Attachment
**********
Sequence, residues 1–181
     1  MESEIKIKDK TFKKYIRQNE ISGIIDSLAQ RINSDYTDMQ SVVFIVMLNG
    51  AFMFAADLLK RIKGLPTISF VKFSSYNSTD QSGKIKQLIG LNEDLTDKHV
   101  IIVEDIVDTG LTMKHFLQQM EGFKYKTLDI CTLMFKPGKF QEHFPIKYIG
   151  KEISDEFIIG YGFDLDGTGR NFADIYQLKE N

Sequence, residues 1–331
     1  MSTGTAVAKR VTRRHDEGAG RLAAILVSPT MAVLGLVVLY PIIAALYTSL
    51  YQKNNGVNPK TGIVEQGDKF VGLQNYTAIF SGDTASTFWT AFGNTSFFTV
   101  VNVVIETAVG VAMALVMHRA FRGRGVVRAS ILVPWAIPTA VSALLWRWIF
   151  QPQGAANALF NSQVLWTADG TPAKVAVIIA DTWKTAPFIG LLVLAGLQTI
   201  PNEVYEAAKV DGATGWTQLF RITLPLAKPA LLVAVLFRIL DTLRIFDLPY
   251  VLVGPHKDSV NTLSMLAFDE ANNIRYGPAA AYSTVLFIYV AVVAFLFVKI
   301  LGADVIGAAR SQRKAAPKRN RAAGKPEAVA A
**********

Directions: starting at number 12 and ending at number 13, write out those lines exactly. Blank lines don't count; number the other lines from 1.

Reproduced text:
   251  VLVGPHKDSV NTLSMLAFDE ANNIRYGPAA AYSTVLFIYV AVVAFLFVKI
   301  LGADVIGAAR SQRKAAPKRN RAAGKPEAVA A